“Those who don’t pay ground rent, we will not notify them to do so, but I will not be tired of signing revocation notices.
“Uncompleted buildings that have become a safe haven for criminals will be reclaimed by the government and put them to good use.”
Wike added that the government would no longer tolerate the indiscriminate operation of markets and motor parks by the roadside.
He said that people selling goods and wares under the umbrella by roadside, illegal motor parks and bus stops would no longer be tolerated, adding that they constitute part of the security challenge in the FCT.
“If you have a brother, sister, or uncle involved in any of these, please tell him that the time is up. The goal is to sanitise Abuja and make it safe for everyone,” he said.
With his threats and promises, Wike would be operating under a tyranny of expectations. While residents of the city expect the new minister to turn the capital city around as he has promised, they are also expecting him to be pragmatic in executing his promises and threats.
Nigeria’s economy is in bad shape. Late last year, the NBS reported that as much as 63 percent or 133 million Nigerians are multidimensionally poor.
“Unemployment, underemployment and their effects on poverty have remained a bane for Nigeria. If no urgent measures are deployed soon, Nigeria with its teeming population is certain to fall in desperate times. Already, the World Bank projects that about 5 million Nigerians will fall below the poverty line,” a 2022 United Nations Development Programme, UNDP, noted.
“The country’s economy is in bad shape. If demolition must be carried out, he should try as much as possible to ensure that proper measures are put in place to help those that will definitely lose their homes,” Kehinde Imasuen, a fashion designe,r told an online paper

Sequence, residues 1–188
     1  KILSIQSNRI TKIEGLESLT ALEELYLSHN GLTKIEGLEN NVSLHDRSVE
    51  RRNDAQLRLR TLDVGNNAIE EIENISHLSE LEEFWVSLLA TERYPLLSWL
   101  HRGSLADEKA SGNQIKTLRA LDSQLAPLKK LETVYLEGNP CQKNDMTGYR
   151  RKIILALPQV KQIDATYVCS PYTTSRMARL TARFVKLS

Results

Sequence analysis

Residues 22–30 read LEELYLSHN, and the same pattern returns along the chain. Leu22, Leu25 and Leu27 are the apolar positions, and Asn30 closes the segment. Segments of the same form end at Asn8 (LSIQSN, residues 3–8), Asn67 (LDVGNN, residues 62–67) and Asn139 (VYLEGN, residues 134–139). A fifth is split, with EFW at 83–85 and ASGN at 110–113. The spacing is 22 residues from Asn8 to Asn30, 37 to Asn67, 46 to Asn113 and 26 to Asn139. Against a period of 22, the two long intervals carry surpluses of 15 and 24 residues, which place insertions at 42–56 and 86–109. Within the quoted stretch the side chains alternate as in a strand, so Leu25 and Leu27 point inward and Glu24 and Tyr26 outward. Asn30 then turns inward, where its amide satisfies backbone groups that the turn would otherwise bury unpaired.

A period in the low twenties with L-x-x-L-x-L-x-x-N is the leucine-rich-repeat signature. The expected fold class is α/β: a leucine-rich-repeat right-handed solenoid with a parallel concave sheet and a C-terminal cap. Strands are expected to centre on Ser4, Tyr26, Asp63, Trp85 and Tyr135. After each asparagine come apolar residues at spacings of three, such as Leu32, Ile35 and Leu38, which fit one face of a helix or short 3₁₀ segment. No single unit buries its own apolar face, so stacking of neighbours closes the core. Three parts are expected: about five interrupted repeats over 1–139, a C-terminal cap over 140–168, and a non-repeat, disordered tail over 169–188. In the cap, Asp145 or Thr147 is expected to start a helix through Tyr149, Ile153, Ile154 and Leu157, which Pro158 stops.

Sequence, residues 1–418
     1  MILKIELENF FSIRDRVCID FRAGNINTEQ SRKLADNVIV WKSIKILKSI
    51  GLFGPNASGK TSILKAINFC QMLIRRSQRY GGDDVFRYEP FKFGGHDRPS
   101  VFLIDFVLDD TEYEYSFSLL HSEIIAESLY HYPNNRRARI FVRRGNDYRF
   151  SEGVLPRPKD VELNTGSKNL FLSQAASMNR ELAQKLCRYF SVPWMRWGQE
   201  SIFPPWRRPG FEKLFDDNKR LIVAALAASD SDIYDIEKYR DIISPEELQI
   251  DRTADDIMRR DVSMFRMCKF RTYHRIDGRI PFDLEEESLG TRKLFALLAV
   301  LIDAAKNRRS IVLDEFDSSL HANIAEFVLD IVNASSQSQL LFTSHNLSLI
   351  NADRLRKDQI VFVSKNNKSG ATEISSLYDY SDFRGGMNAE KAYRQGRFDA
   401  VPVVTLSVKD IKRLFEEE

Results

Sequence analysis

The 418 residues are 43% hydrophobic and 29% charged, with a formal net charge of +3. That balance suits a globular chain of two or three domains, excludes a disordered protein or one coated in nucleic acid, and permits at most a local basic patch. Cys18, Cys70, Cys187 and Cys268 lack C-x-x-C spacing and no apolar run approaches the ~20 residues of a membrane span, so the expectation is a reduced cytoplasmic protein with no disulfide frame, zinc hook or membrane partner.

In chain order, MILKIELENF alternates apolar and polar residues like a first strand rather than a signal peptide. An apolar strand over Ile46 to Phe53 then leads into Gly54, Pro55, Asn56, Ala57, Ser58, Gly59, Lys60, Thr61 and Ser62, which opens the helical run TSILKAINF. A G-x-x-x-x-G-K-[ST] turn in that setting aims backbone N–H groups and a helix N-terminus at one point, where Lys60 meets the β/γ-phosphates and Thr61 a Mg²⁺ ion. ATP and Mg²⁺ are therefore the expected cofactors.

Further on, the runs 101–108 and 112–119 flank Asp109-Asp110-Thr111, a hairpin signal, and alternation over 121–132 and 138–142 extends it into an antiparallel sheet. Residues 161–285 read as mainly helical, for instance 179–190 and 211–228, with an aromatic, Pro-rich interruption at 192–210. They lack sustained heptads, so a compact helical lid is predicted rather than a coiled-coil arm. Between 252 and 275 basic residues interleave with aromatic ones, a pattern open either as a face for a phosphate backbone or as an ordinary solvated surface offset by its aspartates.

Daniel Bwala, a legal practitioner and political aide to the presidential candidate of the opposition Peoples’ Democratic Party, PDP, in the February 25th presidential elections, Atiku Abubakar, wants Wike to understand the FCT is not Rivers State.
In a recent post shared on his X page, (formerly known as Twitter), Bwala warned the new FCT minister not to create chaos. He highlighted the basic needs of the FCT residents that the former governor should prioritise.
“…The basic needs of the residents of the FCT are; affordable healthcare facilities; access to good education facilities, clean sports and recreational centres, affordable transport services system, efficient and workable street light in the city Centre and the suburbs; and finally, security.
“You came with a bullish and vendetta spirit venting fire and brimstone about demolition and revocation of titles. Abuja is not Port Harcourt. If you create chaos in the city, you will jeopardise your principal’s interests and he will be forced to sacrifice your job. You will learn humility on the job.”
Tim Igwe wants Wike to focus on more important issues and not on demolition of houses and confiscation of lands. “If Wike as FCT minister solves the problem of cows, agberos and street lights without engaging in senseless demolition in Abuja, he will become the darling of Abuja.”
Zainab Abdullahi, a resident, agrees that there are more crucial issues for Wike to deal with than just flattening of erring buildings.
She said: “We are talking about how people will eat and survive, the minister is talking about demolition. So, how does demolition of peoples’ houses put food on the table? How does it reduce the price of food in Abuja? Everything is so expensive now. Houses are very expensive. Does he want people to go and sleep under the bridge?”